Mockingbirds are a group of songbirds best known for their habit of mimicking the sounds of other birds, insects and amphibians. Native to the Americas, the Mockingbird is cited in a poem by Walt Whitman and, of course, in the only novel by Harper Lee.
The Mockingbird measures about nine inches and weighs about two ounces. It has long legs, a long tail, and a slightly curved bill. It is greyish-brown in colour and has two parallel white wing bars and a broad white wing patch, which are easily seen in flight. Like the Myna bird of Asia to which the Mockingbird is related, it has an extraordinarily diverse repertoire of calls and sounds.
In To Kill A Mockingbird, lawyer Atticus Finch, who willingly defends his black neighbour Tom Robinson accused of raping a white woman, has never lost faith in human nature. He understands that, rather than being simply creatures of good or evil, most people have both qualities. What is important, as he tries to teach his children by example, is to appreciate the good qualities and to try to understand the bad qualities. The moral is summed up in three sentences:
“Mockingbirds don’t do one thing except make music for us to enjoy. They don’t eat up people’s gardens, don’t nest in corn cribs, they don’t do one thing but sing their hearts out for us. That’s why it’s a sin to kill a mockingbird.”
There is a Mayan Legend about how the Mockingbird became the best singer. When X-Chol-Col-Chek, the mockingbird, was young, her family was very poor, and she could only dress in dingy feathers. Since being hatched, however, X-col had displayed a magnificent voice. She wanted to take singing lessons, but could not afford them.
The Mockingbird was fortunate to obtain work with a rich and noble family of cardinals. That winter, a famous singing professor, Dr. Xcau, the melodious blackbird, came to Maya Land. The father cardinal immediately imagined that his daughter, Col-pol-che, could become a fine singer. She was lazy vain and hated to study. But by promising her many fine gifts, the father convinced her to try singing lessons.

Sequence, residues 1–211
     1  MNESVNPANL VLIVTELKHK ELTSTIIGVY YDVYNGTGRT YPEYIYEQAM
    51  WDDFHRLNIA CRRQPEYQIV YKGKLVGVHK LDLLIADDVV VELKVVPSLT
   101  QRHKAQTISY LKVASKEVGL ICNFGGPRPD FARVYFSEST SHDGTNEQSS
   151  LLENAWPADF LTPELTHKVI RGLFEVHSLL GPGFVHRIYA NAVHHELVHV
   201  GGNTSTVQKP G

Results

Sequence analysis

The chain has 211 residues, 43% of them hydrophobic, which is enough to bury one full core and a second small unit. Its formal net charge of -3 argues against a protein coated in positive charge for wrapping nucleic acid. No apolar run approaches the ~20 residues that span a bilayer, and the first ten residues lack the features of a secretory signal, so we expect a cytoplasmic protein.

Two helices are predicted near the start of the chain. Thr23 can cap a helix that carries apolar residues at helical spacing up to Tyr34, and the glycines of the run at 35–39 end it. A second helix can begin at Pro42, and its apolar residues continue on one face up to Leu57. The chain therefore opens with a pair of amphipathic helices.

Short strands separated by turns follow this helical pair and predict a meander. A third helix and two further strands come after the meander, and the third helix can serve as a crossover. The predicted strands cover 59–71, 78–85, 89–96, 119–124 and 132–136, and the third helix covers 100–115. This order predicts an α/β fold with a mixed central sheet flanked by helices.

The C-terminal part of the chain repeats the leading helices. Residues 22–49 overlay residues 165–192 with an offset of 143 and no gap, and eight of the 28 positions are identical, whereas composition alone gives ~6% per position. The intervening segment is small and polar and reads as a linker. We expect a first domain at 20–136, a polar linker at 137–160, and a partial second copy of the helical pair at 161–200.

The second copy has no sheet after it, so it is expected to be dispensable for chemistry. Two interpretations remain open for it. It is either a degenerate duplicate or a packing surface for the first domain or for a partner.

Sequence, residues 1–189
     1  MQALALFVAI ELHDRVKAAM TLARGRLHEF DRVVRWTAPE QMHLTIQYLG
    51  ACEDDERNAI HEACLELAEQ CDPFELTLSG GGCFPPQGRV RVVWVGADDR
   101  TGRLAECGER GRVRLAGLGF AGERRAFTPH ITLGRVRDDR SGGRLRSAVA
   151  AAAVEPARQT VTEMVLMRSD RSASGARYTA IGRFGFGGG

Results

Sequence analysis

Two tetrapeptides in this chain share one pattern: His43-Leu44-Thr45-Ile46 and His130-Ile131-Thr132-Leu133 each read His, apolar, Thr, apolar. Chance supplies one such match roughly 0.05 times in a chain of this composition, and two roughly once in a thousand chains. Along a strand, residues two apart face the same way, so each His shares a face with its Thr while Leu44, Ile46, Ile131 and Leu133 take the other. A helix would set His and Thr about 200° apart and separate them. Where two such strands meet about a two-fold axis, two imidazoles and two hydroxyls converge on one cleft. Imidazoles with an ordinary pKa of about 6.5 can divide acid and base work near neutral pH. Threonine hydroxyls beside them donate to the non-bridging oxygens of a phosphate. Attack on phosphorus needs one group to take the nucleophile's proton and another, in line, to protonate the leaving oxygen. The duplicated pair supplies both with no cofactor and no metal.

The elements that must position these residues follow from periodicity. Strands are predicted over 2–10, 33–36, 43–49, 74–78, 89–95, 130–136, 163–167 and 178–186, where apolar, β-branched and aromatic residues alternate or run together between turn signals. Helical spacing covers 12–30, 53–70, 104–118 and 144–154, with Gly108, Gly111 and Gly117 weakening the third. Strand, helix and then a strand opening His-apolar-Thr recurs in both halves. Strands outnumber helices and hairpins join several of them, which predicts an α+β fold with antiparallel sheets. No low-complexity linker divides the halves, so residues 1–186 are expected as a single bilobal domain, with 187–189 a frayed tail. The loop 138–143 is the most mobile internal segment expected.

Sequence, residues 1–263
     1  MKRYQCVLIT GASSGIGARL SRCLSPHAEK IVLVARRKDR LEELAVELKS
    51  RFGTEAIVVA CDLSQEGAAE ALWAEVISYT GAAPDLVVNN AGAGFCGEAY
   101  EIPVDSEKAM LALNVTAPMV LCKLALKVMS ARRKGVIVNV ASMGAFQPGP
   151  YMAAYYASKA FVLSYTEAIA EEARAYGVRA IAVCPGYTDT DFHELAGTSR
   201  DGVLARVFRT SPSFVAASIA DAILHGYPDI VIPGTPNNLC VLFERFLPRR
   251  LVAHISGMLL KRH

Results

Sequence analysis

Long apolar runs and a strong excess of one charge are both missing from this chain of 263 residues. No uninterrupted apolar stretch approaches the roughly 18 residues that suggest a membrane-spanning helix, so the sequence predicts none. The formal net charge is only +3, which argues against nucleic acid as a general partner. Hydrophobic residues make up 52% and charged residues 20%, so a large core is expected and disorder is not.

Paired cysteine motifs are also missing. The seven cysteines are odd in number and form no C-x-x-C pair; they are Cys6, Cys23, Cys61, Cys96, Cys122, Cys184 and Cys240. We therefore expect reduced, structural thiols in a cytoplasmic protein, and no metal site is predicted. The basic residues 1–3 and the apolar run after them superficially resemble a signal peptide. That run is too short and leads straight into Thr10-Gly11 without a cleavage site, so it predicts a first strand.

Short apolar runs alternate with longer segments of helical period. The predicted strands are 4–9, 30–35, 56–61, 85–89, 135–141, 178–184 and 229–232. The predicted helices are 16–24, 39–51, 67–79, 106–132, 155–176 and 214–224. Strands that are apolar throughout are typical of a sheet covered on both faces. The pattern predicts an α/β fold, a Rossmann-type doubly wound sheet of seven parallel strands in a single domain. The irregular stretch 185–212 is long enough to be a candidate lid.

When Col-pol-che went with Dr. Xcau to a quiet part of the woods to begin her music course, X-col followed and hid in the bushes to listen and learn. Then she raced back to finish her chores. For weeks, the professor tried to make the girl cardinal sing sweetly, but without success. He soon realized she had neither the voice nor the ambition. He was afraid to tell her wealthy father after such a long time, having accepted a lot of money. So, he finally flew far away and forgot the whole affair.
Meanwhile, X-col had been practicing. One morning, Col-pol-che happened to hear her and was very surprised at her little maid’s ability. That same day, the father cardinal decided his daughter should give a concert for their friends. The indolent girl was terrified, yet she dared not tell her parents that she couldn’t sing. She thought of the mockingbird’s lovely voice and decided to ask her for help.
The two birds asked Colote, the woodpecker, to bore a hole into the tree trunk where Col-pol-che would perch. Then the mockingbird would hide inside. While Col-pol-che pretended to be singing, the real voice would come from X-col within.
On the day of the concert, all the nobles, singers, artists and musicians among the birds came. Col-pol-che hopped out on a limb of the purple-flowering tree chosen by her father, bowed to the audience and opened her bill. The most exquisite voice ever heard in the Maya World came pouring out and echoed through the woods. The birds in the audience flapped their wings and cried for curtain call after curtain call.
The father, however, was not applauding. He had discovered the truth just before the concert began when he saw X-col crawl into the little hole. When the applause ended and the cardinal finished many bows, her father flew up beside her and asked for silence. He hopped over to the hole and called the mockingbird to come out.
The small, colourless bird was trembling with fright, but Col-pol-che’s father gently led her to a perch in front of the entire audience. Then he explained that his daughter had tricked everyone, including him. “It was really this shy little ‘nightingale’ who sang the whole time,” he announced.
The crowd went wild and demanded that X-col sing again. This time, outside and free of her fright, the mockingbird sang as never before and won every bird’s heart. From that time on, all her descendants inherited her lovely voice, but the cardinals have never learned how to sing.